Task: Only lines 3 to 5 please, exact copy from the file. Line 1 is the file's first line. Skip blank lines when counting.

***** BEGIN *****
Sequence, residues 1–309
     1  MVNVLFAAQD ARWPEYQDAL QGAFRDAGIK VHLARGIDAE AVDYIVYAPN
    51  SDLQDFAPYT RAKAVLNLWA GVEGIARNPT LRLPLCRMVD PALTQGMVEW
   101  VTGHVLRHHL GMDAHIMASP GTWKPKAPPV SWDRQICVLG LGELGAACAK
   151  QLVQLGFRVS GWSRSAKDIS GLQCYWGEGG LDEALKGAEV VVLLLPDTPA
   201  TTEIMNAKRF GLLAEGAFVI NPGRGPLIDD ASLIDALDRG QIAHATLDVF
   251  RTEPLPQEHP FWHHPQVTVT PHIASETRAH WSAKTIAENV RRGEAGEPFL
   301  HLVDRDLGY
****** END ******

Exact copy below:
    51  SDLQDFAPYT RAKAVLNLWA GVEGIARNPT LRLPLCRMVD PALTQGMVEW
   101  VTGHVLRHHL GMDAHIMASP GTWKPKAPPV SWDRQICVLG LGELGAACAK
   151  QLVQLGFRVS GWSRSAKDIS GLQCYWGEGG LDEALKGAEV VVLLLPDTPA